Dream Theater – A View From The Top Of The World (Album Review)

Dream Theater – A View From The Top Of The World
Released: October 22, 2021


James LaBrie// lead vocals
John Petrucci // guitars, backing vocals
John Myung // bass
Jordan Rudess // keyboards
Mike Mangini // drums



Dream Theater is a band from an older generation of progressive rock, but they somehow still find solid footing to stand on in today’s musical soundscape. A View From The Top Of The World is their 15th studio album spanning a career of over 30 years and oh boy, it’s an offering and a half.

I need to say that this is an album you need to sit down for on your first listen, and probably a handful of listens after that too, because it’s lengthy. With songs that last at least three times longer than a regular, mainstream offering, Dream Theater prod you to remember how to be patient and just sit in the music. And look, they give you a great time for your persistence.

Kicking off with ‘The Alien’, we’re dropped right in the middle of the action with rapid drums and a frantic guitar riff that morphs into something more rhythmic and staccato before levelling out and introducing James LaBrie’s vocals. The interesting thing to note is that yes, it’s fast and technical and exciting, but when the vocals are layered on top, it’s not too much. They draw back on the instrumentation just enough to let the vocals have centre stage and then swell forwards with the guitar features.

‘Answering The Call’ has a great beat, it’s constant and Dream Theater play around with it, morphing it into different versions of the same. It’s amazing that with tracks that last for well over 10 minutes that they never lose the essence of the song. It’s quite easy to add so many twists and turns that the listener loses track of the song itself, but with each one on this album, Dream Theater keep a common thread all the way through for the listener to hold onto and find their way to the end.

Another aspect you can pick up on almost immediately is the way the drums accent the guitar melodies. Sure, it’s a complex drum beat throughout but, like in ‘Invisible Monster’, it’s not overbearing or too fast to follow, it just perfectly accentuates the other instruments. It also raises the question, how do only five musicians create such a huge soundscape?

For ‘Sleeping Giant’, put some headphones on and enjoy the surround sound and the way they thread some sounds through the left speaker, some through the right, and some move through your head back and forth. And oh, it’s an absolute groove! We have an organ melody line and synths as well that really breaking through in this track which, to me, are elements reminiscent of the 70s prog era and they should definitely be carried through to now. It’s also cool to hear that the drums are relatively simple (in comparison to other songs), or maybe simple isn’t the word—reserved almost to complement the guitar riffs, and other star instruments. The band even get a little jazzy and this track is a solid favourite.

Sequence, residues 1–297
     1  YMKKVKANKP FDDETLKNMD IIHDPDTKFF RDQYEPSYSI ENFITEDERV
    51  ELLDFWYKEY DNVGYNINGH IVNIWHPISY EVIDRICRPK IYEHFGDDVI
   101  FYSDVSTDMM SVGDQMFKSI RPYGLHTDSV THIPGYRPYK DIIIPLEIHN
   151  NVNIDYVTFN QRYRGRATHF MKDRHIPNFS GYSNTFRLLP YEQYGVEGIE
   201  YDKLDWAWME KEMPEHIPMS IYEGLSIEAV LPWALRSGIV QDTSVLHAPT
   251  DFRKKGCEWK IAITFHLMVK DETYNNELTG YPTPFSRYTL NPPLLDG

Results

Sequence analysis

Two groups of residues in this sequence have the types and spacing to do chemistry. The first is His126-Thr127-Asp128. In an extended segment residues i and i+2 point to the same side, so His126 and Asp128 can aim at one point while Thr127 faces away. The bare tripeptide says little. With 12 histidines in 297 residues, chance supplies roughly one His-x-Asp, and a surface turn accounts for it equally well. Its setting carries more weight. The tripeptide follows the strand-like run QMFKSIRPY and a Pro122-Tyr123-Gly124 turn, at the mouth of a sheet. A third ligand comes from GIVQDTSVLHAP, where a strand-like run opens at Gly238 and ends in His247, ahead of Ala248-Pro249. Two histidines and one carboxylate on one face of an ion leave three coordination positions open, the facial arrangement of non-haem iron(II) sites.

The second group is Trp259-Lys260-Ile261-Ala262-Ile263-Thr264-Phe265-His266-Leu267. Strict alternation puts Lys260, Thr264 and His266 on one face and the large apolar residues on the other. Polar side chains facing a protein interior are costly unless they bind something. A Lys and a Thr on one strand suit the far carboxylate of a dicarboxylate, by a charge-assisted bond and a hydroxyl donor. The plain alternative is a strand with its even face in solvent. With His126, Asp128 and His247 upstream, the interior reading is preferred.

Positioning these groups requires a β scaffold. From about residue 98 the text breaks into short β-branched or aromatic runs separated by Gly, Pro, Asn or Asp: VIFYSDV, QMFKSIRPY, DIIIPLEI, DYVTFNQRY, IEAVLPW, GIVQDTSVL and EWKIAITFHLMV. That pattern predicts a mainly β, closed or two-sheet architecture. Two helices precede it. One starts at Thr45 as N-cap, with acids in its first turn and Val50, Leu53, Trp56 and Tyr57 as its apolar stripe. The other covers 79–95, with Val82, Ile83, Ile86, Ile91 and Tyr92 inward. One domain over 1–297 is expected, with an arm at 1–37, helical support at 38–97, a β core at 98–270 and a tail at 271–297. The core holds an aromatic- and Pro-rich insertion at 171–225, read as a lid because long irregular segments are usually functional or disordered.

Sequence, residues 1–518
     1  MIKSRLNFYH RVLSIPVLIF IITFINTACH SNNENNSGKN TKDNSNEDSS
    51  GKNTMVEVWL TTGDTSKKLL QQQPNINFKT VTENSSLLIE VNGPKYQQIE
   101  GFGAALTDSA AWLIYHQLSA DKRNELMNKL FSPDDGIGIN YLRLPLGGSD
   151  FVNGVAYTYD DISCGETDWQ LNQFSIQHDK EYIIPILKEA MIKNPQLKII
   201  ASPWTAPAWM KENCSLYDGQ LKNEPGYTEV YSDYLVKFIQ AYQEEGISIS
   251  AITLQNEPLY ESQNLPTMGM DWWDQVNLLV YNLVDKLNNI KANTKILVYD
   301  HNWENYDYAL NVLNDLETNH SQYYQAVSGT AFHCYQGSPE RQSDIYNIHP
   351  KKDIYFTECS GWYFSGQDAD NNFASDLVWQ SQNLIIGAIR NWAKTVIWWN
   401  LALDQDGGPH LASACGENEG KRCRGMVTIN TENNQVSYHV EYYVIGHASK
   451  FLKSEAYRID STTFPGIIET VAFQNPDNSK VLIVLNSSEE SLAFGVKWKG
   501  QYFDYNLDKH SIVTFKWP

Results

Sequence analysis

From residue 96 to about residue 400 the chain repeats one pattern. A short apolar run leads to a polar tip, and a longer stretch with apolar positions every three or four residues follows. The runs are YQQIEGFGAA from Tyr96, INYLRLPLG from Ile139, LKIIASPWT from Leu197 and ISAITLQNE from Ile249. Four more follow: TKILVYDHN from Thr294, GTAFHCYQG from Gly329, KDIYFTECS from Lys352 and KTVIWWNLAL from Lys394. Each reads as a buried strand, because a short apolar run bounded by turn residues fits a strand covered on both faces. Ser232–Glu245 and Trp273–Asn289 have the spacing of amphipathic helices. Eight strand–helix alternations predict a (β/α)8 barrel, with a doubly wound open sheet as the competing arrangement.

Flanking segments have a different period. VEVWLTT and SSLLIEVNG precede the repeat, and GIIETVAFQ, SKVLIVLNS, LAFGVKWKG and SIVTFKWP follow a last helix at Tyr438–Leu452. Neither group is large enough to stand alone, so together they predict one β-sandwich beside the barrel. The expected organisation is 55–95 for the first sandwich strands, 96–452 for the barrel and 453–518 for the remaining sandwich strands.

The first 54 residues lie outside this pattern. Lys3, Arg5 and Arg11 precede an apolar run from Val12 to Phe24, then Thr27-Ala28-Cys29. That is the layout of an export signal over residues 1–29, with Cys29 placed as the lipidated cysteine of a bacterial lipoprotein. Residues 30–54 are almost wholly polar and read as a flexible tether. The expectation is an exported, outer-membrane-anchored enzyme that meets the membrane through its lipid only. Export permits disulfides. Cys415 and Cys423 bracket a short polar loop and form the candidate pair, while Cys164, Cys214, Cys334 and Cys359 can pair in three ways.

For some stark contrast between shredding guitars and a delicate piano/synth outro, listen to ‘Transcending Time’, but if you’re after a more urgent feel, listen to ‘Awaken The Master’. They carry a very pressing rhythm all the way through the song, and the piano, synths, organ, and bass elaborate on the underlying melody in their own ways. If you’re not careful, you’ll get swept up.

The final track on the album is the title track, ‘A View From The Top Of The World’ and it’s a 20 minute masterpiece. Opening on a staccato beat with orchestral swelling, it sounds a bit like the start of a movie. There’s a harp feature, and it morphs into a groovy beat. Really, this song has about six sections, maybe more? And each takes on its own tone within the scope of the song. Elements to look out for include a cello appearance, the way the drums slide in overtop of the melody to the change direction of the song, and just the transitions between sections. We do need to pay homage to James’s vocals though, because they are always just enough. Expressive, not too fancy so as to overload the listener on top of the instruments, and they stick around for as long as is needed and no more. It’s the perfect balance.

Progressive rock can be intimidating to listen to, but I think this album is accessible to anyone. You don’t have to understand or recognise every single little aspect to be able to enjoy the music and marvel at their unparalleled skill.

Dream Theater are masters of prog, it’s undeniable. They’ve been killing the game since the 80s and they’re not stopping anytime soon. The composition of these songs is unbelievable and I cannot imagine the hours that went into each track ensuring transitions are seamless and that the melodies evolve in ways that honour the song’s integrity.

Dream Theater – A View From The Top Of The World tracklisting:

1. The Alien
2. Answering The Call
3. Invisible Monster
4. Sleeping Giant
5. Transcending Time
6. Awaken The Master
7. A View From The Top Of The World

Rating: 9/10
A View From The Top Of The World is out this Friday via Sony Music. Pre-order here.
Review by Ebony Story

About Ebony Story (229 Articles)
Wall of Sound Music Journo & Podcast Host // Loving the heavy heavy